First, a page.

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dc.contributor.advisorBrowning, Larry D.
dc.creatorGoins, Elizabeth Simpsonen
dc.date.accessioned2014-01-21T18:44:28Zen
dc.date.issued2013-12en
dc.date.submittedDecember 2013en
dc.identifier.urihttp://hdl.handle.net/2152/22892en
dc.descriptiontexten
dc.description.abstractStories about the oil and gas industry are made for drama; these are tales of unimaginable wealth, unimaginable power, and oftentimes, unimaginable deeds. But what should we make of an oil and gas narrative without a blood feud or villain? This is the story of the Norway Model, a unique system of natural resource management responsible for this country’s transformation since 1969 when massive oil reserves were discovered on the North Sea continental shelf. After centuries of foreign occupation, the Norwegian government has built a thriving petroleum sector to fund its social welfare system beyond even the highest expectations; somehow, this nation of five million people grew from a poor maritime society to a global leader in environmentally conscious energy production with the largest sovereign wealth fund in the world. Despite these results, this oil economy faces new challenges in the coming years; as North Sea production declines, Norway increasingly looks north for fossil fuels in the Arctic and how these resources are discovered, produced, and regulated will require new innovations to ensure the sustainability of this welfare state. Thus, the next chapter of the Norwegian success story remains to be written and this dissertation explores how narratives about the past, present, and future of the Norway Model will shape the course of natural resource management policies. In presenting the case of Norway’s success from a narrative perspective, this research breaks new ground in both applied and theoretical territories. As perhaps the most successful system of its kind in the world, scholars and policy makers alike have much to learn from studying this model. But when it comes to understanding the dynamic connections between energy management, international policy, and global warming, positivistic models for prediction and causality have fallen short (Smil, 2005). In contrast, narrative can communicate nuanced meanings in complex systems of organization. Therefore, this research explores the connections between narrative and complexity, as well as the communicative applications of narrative for understanding and organizational decision-making. Overall, conceptualizing this model’s evolution as a narrative offers tangible entry points for understanding how one country’s story can change the world.en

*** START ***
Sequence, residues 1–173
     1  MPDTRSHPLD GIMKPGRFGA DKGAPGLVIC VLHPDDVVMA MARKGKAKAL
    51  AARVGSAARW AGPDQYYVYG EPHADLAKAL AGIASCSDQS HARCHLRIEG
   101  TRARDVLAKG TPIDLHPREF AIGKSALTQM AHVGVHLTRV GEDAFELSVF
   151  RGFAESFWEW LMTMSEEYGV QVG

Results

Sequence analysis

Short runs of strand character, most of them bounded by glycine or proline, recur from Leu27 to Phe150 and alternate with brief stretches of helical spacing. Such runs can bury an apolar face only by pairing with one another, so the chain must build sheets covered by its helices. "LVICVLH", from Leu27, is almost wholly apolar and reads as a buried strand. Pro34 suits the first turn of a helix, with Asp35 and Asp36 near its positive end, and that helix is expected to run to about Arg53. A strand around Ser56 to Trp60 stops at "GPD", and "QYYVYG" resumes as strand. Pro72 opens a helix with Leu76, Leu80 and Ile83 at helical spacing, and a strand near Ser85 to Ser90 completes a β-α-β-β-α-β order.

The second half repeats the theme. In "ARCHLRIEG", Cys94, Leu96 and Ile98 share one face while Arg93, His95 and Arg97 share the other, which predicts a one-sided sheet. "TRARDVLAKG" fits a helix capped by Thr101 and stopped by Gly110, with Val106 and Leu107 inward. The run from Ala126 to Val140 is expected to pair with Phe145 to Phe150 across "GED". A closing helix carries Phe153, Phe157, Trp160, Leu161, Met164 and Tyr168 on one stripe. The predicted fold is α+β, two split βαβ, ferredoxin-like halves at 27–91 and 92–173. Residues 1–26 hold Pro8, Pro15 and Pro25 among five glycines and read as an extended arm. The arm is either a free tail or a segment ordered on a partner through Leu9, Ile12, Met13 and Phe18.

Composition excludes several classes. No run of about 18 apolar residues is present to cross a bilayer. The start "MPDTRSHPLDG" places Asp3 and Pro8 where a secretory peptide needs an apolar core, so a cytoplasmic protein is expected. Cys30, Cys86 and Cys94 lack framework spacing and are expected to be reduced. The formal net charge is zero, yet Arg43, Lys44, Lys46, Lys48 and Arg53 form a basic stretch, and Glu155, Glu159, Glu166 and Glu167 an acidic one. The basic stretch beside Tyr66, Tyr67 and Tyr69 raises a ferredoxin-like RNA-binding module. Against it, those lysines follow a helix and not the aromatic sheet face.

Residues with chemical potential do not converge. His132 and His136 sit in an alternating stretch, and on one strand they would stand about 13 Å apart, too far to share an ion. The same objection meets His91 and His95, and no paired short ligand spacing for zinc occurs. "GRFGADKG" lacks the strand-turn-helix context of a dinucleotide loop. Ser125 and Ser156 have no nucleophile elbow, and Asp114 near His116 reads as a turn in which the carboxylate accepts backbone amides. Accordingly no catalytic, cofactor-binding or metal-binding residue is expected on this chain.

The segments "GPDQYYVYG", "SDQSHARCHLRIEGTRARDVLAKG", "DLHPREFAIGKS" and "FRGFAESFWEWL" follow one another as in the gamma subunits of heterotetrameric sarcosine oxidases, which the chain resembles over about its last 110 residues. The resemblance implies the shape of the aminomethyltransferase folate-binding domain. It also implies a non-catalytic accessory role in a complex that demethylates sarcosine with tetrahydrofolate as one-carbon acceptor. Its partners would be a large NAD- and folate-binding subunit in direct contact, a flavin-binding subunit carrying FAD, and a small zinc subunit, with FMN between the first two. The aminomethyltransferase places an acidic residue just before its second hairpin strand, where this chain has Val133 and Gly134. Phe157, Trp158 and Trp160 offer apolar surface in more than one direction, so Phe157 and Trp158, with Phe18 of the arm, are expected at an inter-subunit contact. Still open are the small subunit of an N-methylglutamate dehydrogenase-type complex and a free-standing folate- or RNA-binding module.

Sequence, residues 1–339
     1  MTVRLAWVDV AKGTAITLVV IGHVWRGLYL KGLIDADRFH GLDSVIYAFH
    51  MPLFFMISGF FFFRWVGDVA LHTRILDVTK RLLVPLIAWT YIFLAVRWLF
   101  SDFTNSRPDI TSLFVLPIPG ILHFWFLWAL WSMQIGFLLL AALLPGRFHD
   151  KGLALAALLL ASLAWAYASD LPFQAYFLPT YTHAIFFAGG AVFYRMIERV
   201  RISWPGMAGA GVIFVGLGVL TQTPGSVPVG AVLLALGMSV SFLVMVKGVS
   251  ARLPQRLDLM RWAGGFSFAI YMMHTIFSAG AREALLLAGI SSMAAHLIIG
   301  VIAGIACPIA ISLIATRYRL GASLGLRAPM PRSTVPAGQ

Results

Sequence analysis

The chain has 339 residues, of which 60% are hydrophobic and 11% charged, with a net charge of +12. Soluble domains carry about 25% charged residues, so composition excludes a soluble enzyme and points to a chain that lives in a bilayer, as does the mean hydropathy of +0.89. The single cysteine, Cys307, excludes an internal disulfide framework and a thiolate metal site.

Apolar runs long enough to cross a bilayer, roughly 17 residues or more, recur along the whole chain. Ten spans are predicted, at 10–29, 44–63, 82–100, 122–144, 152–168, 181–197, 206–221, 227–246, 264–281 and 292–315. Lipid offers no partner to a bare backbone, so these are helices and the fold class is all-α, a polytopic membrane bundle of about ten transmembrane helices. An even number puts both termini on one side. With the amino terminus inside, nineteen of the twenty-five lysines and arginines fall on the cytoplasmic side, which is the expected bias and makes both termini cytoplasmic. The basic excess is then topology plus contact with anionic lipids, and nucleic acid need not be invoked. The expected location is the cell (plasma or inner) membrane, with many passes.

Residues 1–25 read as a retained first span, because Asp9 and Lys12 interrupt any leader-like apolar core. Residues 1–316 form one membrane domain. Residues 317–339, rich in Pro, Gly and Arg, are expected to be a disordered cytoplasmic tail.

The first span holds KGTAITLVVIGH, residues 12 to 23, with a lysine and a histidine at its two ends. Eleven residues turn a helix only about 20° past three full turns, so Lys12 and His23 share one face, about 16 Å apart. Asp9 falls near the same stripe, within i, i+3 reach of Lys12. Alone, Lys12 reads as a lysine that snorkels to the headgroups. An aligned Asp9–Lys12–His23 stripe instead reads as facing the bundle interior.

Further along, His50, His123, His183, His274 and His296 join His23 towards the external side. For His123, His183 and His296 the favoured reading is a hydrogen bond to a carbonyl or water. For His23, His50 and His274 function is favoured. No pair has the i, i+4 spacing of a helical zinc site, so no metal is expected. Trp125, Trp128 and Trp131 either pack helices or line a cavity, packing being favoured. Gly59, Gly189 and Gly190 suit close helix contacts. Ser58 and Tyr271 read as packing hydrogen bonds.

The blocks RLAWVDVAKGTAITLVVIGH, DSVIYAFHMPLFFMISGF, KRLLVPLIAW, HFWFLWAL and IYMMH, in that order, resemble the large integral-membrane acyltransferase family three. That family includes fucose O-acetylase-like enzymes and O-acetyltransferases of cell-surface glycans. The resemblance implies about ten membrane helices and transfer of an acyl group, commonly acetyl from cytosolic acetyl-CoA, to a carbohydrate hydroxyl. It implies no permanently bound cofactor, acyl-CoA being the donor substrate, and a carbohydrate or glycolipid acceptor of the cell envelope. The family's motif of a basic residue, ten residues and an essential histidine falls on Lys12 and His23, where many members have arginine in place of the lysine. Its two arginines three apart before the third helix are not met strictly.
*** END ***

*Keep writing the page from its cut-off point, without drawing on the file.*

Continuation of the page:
dc.format.mimetypeapplication/pdfen
dc.language.isoen_USen
dc.subjectOrganizational communicationen
dc.subjectNarrativeen
dc.subjectComplexityen
dc.subjectNorwayen
dc.subjectNatural resourcesen
dc.titleThe Norwegian success story : narrative applications of interpretation, understanding, & communication in complex organizational systemsen
dc.date.updated2014-01-21T18:44:28Zen
dc.description.departmentCommunication Studiesen
thesis.degree.departmentCommunication Studiesen
thesis.degree.disciplineCommunication Studiesen
thesis.degree.grantorThe University of Texas at Austinen
thesis.degree.levelDoctoralen
thesis.degree.nameDoctor of Philosophyen


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